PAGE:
The downside of France having a monarchy for so many hundreds of years is that its citizens were (literally) royally screwed. You probably read about their French Revolution in the 18th century, when virtually all of France’s nobility met untimely ends. After touring the opulent palaces of Paris, it is hard to shed a tear for the nobility when they at last had their comeuppance. Even after visiting the Conciergerie, the haunting prison in Paris where thousands of people (including Marie Antoinette) were barbarically executed, it was hard to feel sorry for a class so out of touch with their citizenry.
The upside of the centuries of royalty is that they left the country with many incredibly opulent estates for future generations to gawk at. Eighteenth century France in all its opulent excess is best viewed at the King’s “summer home” in Versailles, which is on the western outskirts of Paris. Those French Kings were clearly unafraid of living large.
Above, for example, you can see just one the many marvelous ceiling paintings in the Palace of Versailles. There were so many ceilings to dress up. For a French King, just applying a coat of Benjamin Moore would not do. Famous European painters found plenty of steady employment courtesy of the King of France. It must have taken many decades just to paint these ornate ceilings. Of course, it is not just the walls and the ceilings that needed an artist’s touch, but everything in the rooms. Statuary abounds in Versailles, along with marble floors, enormous stone columns, exquisite hand constructed furniture and enough gold plate to fill Fort Knox. The rooms just go on and on and seem endless. The King’s stables alone are bigger than most apartment buildings. His gardens stretched for miles. Naturally, what summer palace would be complete without an inside church that looks more like a cathedral, and an opera house for a few hundred of the King and Queen’s guests?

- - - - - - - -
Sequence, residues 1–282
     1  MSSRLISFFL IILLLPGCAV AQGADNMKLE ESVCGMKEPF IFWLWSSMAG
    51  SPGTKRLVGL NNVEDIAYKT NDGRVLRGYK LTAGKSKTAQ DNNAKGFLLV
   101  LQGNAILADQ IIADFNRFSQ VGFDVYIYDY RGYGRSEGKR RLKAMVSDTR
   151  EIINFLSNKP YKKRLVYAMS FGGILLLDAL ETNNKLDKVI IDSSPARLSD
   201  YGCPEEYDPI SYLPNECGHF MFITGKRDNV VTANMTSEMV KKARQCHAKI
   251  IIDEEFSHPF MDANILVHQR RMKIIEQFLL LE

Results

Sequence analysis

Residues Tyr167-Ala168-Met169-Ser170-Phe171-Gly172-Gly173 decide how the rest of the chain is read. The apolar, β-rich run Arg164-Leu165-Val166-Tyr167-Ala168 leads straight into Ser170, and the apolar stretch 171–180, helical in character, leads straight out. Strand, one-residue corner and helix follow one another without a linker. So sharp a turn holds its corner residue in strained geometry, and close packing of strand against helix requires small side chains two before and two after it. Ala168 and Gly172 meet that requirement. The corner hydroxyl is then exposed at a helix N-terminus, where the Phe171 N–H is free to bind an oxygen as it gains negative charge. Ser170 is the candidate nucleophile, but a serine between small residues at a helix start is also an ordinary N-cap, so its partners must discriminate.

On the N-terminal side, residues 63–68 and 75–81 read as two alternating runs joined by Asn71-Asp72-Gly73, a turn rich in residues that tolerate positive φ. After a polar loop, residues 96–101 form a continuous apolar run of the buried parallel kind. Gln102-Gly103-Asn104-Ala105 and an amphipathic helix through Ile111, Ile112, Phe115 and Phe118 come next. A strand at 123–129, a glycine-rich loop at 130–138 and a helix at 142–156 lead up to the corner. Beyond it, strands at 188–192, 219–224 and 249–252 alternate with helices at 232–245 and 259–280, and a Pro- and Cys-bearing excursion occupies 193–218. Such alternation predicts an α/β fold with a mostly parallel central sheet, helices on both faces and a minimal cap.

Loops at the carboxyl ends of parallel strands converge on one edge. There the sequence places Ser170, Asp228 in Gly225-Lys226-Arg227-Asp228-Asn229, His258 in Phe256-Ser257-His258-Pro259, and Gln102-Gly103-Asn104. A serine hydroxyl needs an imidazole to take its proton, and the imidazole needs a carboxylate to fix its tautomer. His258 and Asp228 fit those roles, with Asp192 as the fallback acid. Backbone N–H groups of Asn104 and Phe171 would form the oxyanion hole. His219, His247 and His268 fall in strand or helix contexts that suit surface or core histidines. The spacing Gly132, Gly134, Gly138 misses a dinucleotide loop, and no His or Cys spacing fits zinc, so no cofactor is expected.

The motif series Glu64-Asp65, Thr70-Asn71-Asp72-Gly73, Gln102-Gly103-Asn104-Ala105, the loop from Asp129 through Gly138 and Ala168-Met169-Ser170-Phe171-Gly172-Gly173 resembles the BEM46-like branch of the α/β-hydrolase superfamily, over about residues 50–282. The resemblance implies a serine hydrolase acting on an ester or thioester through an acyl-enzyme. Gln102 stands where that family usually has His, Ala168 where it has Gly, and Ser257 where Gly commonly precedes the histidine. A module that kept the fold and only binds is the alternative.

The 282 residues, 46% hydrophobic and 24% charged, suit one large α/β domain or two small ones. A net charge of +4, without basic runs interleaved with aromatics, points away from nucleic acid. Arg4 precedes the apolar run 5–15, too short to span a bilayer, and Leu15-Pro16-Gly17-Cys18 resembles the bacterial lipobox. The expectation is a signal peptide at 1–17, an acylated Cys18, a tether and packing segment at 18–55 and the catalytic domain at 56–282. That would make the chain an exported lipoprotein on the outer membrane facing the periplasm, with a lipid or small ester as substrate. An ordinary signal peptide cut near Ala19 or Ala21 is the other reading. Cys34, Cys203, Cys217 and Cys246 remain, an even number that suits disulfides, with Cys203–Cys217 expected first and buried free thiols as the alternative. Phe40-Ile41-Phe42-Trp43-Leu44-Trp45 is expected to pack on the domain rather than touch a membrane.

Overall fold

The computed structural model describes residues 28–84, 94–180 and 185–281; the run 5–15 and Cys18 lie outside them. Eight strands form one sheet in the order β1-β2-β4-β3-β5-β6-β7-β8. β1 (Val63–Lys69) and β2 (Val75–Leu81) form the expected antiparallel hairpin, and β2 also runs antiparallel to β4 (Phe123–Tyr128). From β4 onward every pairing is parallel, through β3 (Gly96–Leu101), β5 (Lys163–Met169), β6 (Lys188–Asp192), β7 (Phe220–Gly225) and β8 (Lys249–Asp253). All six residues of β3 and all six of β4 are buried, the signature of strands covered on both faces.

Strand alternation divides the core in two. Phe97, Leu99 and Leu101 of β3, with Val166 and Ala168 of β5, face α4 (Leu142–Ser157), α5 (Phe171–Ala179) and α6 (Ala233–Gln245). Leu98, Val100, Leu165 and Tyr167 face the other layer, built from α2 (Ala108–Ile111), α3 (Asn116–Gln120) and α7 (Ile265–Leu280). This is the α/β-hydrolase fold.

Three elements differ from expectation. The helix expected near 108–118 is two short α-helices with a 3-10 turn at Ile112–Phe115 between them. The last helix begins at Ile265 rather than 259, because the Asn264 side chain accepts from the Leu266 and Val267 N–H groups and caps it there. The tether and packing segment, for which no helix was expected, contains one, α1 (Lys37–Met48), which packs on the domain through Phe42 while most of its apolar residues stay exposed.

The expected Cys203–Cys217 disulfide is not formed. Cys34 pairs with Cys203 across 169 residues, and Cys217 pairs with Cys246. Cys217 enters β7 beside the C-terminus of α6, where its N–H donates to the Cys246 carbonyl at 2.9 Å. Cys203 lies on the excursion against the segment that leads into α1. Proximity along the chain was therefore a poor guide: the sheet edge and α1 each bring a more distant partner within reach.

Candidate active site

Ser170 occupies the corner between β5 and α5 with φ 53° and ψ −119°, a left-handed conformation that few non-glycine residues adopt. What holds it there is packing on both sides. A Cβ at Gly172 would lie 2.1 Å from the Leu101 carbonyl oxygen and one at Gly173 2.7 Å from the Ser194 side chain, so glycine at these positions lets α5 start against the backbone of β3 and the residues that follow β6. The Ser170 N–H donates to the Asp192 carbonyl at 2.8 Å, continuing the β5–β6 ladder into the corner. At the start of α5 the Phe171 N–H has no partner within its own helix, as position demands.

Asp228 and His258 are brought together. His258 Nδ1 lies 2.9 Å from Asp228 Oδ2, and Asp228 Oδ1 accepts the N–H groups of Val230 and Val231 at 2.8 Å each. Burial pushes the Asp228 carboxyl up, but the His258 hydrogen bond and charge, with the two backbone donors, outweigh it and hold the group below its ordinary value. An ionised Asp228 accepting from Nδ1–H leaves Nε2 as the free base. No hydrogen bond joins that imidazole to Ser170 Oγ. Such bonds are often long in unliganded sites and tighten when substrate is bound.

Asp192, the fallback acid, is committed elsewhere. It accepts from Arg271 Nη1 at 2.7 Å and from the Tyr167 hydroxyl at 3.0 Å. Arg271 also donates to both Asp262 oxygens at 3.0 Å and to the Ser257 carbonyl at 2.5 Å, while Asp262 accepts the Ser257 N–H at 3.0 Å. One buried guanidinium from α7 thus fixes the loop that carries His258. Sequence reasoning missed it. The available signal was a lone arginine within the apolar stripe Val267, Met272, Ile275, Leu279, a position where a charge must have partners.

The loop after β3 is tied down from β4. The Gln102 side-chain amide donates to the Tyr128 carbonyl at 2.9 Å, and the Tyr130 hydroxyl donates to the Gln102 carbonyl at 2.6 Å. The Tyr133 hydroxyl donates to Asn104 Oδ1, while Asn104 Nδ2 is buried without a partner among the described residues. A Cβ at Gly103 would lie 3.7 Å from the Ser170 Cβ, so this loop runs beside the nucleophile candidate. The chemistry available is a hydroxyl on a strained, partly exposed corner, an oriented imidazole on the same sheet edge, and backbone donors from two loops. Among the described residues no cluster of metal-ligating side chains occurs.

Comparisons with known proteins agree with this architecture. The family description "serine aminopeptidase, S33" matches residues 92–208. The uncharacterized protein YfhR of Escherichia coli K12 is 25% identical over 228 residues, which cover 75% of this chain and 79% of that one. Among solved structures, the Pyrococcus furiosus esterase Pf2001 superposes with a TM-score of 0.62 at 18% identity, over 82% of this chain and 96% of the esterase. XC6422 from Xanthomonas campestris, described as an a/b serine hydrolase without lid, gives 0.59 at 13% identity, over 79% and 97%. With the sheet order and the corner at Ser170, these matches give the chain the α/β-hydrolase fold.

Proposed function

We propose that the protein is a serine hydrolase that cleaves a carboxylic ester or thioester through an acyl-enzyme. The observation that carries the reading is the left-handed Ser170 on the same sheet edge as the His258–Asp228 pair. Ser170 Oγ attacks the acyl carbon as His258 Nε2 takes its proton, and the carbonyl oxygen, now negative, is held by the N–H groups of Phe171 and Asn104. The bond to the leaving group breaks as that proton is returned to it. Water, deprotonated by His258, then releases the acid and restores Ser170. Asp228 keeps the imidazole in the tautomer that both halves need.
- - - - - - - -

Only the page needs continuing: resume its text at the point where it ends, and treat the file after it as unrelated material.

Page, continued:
There must have been many top-notch French painters and sculptors though, because Paris is awash in spectacular painting and statuary, as well as Gothic churches. The obvious place to view much of it is in Paris’ enormous museum, The Louvre, which takes up several city blocks. The Louvre is the largest museum in the world. Unless you just want to sail past the exhibits, there is no way to appreciate everything in the Louvre in one day. A proper visit to the Louvre would take a week at least. Someone with a history and art bent could easily spend a month taking it in. There is so much artwork in some rooms that paintings hang above paintings that hang above paintings.
If writers are encouraged to write about what they know, then it is obvious that French painters painted what they knew, which was Europe. There likely were not many Encyclopedia Britannicas in those Renaissance and post Renaissance times. It is not surprising then that so many paintings of the time had religious figures in them. Painting Biblical scenes as if they occurred in France and populating the Holy Land full of Anglo Saxons though does become amusing after a while. You have to look hard for someone who looks Semitic among all those paintings. As depicted by the artists of the time, the Holy Land of Biblical times were full of flaxen haired Europeans in 14th century garb. Baby Jesus was apparently overfed and obese, as were many of the women. Speaking of women, as depicted by the artists of the time, they were not very modest. I was amazed by how many women went around with one (or more) perfect breast exposed to the air. Men too were often traipsing around with full genitalia on display. Many artists painted variations of Da Vinci’s famous painting The Last Supper. In these newer versions though, Jesus invited a few more people to the table. You can find paintings of The Last Supper containing many a French nobleman or King breaking bread with Our Lord.